"With ignorance comes fear – from fear comes bigotry. Education is the key to acceptance." – Kathleen Patel, author of "The Bullying Epidemic"
I have a thing or two to say. Bullying takes many forms beyond the playground and exposes the darker side of the human experience.
While bullying today has the attention of the media, governors, teachers, parents and school administrators, we would be remiss to not reflect on the bigger picture.
In fact, we are a nation with a record of bullying, including launching personal attacks on politicians who have fallen from grace, lodging political barrages against civil rights movements or carrying out unjust assaults against minorities, such as our long history of discrimination against Native Americans and African Americans.
Don't forget how we incarcerated Asian Americans after Japan attacked Pearl Harbor during World War II.
Like war, there is nothing good about bullying. It's always oppressive, scars its victims and degrades the bullies themselves.
Let's face it; at one time or another, just about everyone has been bullied or has been a bully. We were targets on playgrounds, in classrooms, on school buses because of how we looked, talked, walked, and dressed, for not following the crowd or simply for being different.
As a risk-averse, chubby, second-generation Italian kid, living in a skinny, risk-taking, white Anglo Saxon neighborhood, I was an easy target.
Even so, I am mystified by all the clamor today. Should we cast blame on the media? The minute-by-minute news cycle and citizen's journalists have the capacity to record the most egregious acts of bullying as they are happening. Add the super highway of social media, which serves as an instant handheld freeway, hurling pervasive and punishing attacks anywhere, anytime, by anyone. As one teacher put it, our kids can't escape bullying; it follows them home and never leaves.
Depending on which report you read, the frequency is varied and alarming, including as few as one in six children and as many as nine out of 10 children are bullied each year.
According to 2009 data from the National Center for Education Statistics, 42.9 percent of sixth graders were bullied during the 2007 school year.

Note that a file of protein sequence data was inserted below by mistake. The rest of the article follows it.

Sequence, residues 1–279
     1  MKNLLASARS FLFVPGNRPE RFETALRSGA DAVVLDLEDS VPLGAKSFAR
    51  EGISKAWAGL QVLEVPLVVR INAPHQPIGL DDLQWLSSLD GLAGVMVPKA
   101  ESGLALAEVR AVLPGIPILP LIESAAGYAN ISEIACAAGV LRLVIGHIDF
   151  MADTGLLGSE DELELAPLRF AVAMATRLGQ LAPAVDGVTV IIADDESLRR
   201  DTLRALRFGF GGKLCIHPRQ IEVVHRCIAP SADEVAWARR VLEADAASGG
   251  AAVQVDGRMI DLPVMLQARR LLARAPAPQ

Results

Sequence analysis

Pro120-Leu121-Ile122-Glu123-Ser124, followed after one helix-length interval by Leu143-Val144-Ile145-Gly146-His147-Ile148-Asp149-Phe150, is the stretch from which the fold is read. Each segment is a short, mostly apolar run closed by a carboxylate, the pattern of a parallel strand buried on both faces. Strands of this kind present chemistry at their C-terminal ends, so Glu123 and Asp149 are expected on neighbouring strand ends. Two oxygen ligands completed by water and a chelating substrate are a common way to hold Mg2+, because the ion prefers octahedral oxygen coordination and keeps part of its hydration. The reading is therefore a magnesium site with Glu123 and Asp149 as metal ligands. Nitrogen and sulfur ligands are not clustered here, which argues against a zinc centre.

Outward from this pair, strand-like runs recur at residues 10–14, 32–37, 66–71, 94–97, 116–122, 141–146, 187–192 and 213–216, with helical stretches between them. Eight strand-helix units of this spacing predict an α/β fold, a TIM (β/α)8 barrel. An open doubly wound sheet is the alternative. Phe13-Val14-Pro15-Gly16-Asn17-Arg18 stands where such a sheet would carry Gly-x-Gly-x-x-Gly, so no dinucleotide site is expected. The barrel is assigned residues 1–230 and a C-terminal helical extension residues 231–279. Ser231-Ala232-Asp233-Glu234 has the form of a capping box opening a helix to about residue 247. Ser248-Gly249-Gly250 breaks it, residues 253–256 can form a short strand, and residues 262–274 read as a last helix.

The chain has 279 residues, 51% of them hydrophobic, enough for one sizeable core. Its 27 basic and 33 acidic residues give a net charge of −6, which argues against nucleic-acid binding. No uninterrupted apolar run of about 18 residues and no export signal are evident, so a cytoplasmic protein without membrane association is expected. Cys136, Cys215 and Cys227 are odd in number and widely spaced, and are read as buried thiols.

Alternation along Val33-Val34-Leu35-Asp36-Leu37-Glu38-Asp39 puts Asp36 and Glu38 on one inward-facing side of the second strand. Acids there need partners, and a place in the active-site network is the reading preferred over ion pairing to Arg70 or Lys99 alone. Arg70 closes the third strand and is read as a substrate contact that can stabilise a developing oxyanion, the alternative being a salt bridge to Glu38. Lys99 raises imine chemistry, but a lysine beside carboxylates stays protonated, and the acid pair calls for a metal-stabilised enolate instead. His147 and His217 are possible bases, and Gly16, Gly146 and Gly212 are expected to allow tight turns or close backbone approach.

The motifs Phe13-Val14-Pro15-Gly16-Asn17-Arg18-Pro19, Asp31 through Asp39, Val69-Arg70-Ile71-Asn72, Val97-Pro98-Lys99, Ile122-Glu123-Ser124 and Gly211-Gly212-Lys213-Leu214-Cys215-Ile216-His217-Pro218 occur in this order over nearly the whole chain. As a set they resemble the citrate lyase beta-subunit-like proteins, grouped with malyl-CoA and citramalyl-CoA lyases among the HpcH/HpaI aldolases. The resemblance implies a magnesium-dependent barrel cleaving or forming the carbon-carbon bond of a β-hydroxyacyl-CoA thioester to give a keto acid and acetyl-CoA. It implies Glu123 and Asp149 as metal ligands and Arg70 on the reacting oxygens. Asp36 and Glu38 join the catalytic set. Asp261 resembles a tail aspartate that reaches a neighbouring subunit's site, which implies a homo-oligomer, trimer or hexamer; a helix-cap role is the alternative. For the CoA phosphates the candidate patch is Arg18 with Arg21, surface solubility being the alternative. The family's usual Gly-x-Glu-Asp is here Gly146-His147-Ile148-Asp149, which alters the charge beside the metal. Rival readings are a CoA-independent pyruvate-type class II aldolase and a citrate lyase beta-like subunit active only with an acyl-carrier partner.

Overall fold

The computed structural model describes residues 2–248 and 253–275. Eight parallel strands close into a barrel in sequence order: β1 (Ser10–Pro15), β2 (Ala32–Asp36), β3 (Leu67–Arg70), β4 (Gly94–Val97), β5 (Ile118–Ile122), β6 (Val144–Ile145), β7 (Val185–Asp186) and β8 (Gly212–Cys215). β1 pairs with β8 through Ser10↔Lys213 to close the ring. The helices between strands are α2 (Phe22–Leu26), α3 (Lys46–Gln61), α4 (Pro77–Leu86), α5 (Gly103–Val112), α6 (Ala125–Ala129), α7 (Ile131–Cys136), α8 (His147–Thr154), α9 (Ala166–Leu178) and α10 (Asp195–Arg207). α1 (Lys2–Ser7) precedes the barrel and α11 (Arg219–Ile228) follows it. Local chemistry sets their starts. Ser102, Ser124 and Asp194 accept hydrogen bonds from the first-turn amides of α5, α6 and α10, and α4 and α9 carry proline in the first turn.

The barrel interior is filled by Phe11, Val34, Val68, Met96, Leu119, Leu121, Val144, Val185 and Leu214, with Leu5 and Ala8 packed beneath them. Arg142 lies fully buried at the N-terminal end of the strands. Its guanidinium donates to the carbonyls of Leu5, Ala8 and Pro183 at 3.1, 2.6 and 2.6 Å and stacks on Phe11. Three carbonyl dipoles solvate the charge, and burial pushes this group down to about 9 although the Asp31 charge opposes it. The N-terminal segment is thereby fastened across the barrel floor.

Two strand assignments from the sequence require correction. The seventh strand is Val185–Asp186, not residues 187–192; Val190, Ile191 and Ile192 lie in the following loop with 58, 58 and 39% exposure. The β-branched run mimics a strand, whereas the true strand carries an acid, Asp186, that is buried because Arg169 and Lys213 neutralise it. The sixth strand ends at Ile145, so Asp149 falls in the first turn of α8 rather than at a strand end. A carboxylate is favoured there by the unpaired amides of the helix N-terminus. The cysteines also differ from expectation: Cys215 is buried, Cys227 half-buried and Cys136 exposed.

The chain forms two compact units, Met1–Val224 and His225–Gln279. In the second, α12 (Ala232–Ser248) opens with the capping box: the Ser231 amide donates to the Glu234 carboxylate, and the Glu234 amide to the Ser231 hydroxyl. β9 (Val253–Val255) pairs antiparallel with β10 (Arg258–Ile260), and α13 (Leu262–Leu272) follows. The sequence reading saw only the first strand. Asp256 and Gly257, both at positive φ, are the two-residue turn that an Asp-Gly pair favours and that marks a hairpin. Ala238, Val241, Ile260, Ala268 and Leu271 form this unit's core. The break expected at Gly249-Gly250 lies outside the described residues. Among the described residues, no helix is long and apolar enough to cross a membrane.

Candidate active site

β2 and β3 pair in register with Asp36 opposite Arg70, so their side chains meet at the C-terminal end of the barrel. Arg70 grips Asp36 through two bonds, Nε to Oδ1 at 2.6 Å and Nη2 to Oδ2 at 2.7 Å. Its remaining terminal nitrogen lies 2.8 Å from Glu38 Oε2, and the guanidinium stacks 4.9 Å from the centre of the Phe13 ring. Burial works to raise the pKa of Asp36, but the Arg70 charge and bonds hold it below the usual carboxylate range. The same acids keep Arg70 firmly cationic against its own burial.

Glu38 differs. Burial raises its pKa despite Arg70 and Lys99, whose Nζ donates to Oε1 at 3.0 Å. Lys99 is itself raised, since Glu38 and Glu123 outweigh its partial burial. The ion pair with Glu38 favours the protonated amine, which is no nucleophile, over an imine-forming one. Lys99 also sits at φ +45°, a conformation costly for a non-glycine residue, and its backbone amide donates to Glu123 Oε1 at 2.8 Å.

A report by www.Do Something.org states that 56 percent of students have experienced some sort of bullying at school. Between fourth and eighth grade, 90 percent of students are victims of bullying. The most common reasons for being bullied are a student's appearance or body size.
A victim of bullying is twice as likely to take his or her own life compared to someone who is not a victim. One out of 10 students drop-out of school because they are bullied.
Researchers say they believe that bullying should not be treated as part of growing up with the attitude of kids will be kids. Some 57 percent of students who experience harassment in school don't report the incident.
On the other hand, schools with easily understood rules of conduct, smaller class sizes and fair discipline practices tend to have less violence compared to those without these.
It doesn't matter which statistic is the most accurate, all paint a troubling picture.
With every new story on this subject, I shake my head and wonder what's happening or what's not happening to make our kids think it is OK to harass their peers.
From all of the bullying today, one would conclude that the valued lesson of the Golden Rule – "Do unto others as you would have others do unto you" – and "play nice" are no longer relevant.
What's our society coming to?
I'm not sure what the answer is, but I do believe that children don't learn tolerance, kindness and the value of diversity on their own. It takes an entire village and such lessons begin at home.
2012 © Copyright Paula Damon.
A resident of Southeast South Dakota, Paula Bosco Damon is a national award-winning columnist. Her writing has won first-place in competitions of the National Federation of Press Women, South Dakota Press Women and Iowa Press Women. In the 2009, 2010 and 2011 South Dakota Press Women Communications Contests, her columns have earned eight first-place awards. To contact Paula, email boscodamon.paula@gmail, follow her blog at firstname.lastname@example.org and find her on FaceBook.